At just 18, Nancy Kwan was studying dance with England's Royal Ballet School, when she was spotted by producer Ray Stark, who tested her and gave her the starring role of a free-spirited Hong Kong prostitute who captivates artist William Holden in The World of Suzie Wong (1960). She followed it the next year with the hit musical, Flower Drum Song (1961), and became one of Hollywood's most visible Asian actresses. Born in China to a Chinese father and British mother, Kwan spent the 1960s commuting between film roles in America and Europe (including the pilot for Hawaii Five-O (1968)), but faded from view in the West, when she returned to her native Hong Kong in 1972 to be with her critically ill father. Divorced from her second husband, screenwriter David Giler, and with a young son from her first marriage to Austrian hotelier Peter Pock, Kwan intended to stay a year, but wound up staying a decade.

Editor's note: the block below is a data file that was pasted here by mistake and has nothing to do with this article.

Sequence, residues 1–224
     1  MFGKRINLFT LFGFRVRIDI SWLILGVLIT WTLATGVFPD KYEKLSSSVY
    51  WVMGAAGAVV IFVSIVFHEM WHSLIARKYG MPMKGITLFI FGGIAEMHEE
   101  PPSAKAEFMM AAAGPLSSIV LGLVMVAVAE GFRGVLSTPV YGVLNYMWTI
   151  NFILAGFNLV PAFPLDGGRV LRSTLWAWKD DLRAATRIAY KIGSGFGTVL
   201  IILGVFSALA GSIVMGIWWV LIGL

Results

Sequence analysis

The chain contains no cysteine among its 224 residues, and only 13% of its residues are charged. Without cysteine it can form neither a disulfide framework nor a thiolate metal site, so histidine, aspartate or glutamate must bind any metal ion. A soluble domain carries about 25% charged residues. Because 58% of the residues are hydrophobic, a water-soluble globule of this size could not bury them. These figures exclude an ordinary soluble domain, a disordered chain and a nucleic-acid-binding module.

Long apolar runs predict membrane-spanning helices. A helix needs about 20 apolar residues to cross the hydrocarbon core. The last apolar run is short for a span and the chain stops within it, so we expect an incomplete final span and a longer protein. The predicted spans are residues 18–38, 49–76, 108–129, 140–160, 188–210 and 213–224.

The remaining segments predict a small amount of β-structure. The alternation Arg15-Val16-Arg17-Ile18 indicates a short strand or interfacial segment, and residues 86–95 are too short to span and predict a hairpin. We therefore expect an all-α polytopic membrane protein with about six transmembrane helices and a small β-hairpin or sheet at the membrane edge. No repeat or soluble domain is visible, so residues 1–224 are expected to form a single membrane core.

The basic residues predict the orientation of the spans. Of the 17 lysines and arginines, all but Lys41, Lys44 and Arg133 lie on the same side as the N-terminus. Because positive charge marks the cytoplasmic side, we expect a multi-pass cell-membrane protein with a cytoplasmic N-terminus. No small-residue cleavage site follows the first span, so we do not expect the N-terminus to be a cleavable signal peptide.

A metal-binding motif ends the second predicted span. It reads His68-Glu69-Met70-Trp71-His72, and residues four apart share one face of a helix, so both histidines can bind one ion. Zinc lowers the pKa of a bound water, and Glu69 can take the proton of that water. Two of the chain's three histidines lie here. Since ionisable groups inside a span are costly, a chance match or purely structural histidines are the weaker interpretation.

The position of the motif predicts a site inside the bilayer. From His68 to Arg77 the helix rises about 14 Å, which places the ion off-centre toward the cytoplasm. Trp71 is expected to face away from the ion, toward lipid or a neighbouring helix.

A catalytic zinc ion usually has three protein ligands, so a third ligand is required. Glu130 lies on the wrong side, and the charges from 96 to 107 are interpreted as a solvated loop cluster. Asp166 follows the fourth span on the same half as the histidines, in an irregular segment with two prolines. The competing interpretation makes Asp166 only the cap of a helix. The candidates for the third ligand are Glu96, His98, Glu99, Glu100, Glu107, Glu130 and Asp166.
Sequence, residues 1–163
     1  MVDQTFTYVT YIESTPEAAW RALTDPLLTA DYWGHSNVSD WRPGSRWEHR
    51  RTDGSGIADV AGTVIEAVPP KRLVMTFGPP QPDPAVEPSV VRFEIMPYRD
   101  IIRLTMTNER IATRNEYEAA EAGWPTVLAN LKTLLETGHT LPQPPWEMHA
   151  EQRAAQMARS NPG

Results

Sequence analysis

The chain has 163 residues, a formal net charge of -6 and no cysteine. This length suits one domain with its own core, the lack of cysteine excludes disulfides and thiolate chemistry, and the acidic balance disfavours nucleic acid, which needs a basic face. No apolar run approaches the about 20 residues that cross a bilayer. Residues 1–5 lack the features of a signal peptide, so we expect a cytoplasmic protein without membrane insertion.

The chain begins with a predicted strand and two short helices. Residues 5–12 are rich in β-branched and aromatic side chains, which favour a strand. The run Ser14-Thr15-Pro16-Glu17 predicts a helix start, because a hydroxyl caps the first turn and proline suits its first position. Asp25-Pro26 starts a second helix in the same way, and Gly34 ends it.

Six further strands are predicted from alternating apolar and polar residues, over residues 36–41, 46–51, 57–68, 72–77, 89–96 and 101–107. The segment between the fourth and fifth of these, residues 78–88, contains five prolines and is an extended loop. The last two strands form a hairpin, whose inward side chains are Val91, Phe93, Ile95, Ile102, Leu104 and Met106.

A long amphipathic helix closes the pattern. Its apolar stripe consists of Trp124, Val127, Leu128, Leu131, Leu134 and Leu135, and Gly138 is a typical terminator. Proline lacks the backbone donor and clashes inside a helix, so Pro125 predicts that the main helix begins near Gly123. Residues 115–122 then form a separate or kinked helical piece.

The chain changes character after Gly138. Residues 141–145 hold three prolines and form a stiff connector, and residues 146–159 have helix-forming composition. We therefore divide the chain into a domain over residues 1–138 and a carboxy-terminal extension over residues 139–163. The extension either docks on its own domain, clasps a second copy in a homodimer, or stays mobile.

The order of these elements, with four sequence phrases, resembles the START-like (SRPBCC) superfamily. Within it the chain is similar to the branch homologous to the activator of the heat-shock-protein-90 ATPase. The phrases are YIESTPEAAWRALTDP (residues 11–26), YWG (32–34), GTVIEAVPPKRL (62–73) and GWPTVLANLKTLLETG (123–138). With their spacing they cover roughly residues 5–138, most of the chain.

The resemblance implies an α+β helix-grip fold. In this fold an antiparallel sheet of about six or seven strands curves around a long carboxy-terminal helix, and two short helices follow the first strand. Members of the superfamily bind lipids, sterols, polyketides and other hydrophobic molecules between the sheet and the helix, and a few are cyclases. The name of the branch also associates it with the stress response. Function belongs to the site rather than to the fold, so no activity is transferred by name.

As managing director of her own production company, she produced and directed dozens of